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Old Churches and Cathedrals of England

Review By Cheryl Bolen

The Observer Book of Old English Churches
Lawrence E. Jones
Frederick Warne & Co. Ltd., 1965

The Cathedrals of England
Harry Batsfor and Charles Fry
Charles Scribner's Sons, 1935

Though both these books provide a wealth of description and illustrations of England's old churches and cathedrals, they are vastly different.

Old English Churches is not the pictorial one expects (although there are many photographs). This undersized little gem is full of interesting tidbits about England's old churches. For instance, all the old churches were expected to have attached graveyards, called churchyards, that were accessed through a lynch-gate. Prior to the Reformation, the churchyards featured large stone crosses.

In another section on "Materials" it is noted that the churches were built with the stone found in their region: gray limestone from Somerset to east Yorkshire. In Norfolk and Suffolk, flint is the material used. In the extreme northwest of England, the building stones are of slate.

In the section on "Family Pews" it was interesting to learn that some of these had furniture and even private fireplaces!

Exterior gargoyles were added to redirect rain water from gutter spouts, and priest doors were almost always located on the south side of the chancel while Easter sepulchres were always on the north of the chancel.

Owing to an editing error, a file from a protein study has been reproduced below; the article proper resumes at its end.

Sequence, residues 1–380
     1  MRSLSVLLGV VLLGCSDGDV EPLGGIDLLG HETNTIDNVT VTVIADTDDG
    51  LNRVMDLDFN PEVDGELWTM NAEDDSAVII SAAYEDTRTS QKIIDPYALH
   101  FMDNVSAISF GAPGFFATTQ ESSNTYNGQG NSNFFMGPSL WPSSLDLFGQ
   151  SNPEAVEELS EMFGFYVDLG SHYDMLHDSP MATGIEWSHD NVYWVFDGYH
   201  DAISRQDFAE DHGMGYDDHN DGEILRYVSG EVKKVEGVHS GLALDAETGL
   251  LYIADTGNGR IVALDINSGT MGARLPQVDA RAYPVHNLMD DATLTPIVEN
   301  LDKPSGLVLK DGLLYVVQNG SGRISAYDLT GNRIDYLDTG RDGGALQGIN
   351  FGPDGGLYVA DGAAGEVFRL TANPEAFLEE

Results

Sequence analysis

It's worth tracking the book down on the internet just for the diagram of a church with comprehensive labels arrowing to every single architectural detail and every nook and cranny of these old churches.

The Cathedrals of England is exactly what one expects. History and description of England's 26 major cathedrals is given. Another section is devoted to the parish-church cathedrals, such as in Birmingham, Manchester and Coventry, and the modern cathedrals in Truro, Liverpool and Guildford are also treated in this volume. Many illustrations, including drawings of the layout of the cathedrals, appear.

For Anglophiles, both books are a nice addition to your library.

This article was first published in The Quizzing Glass in November 2009.

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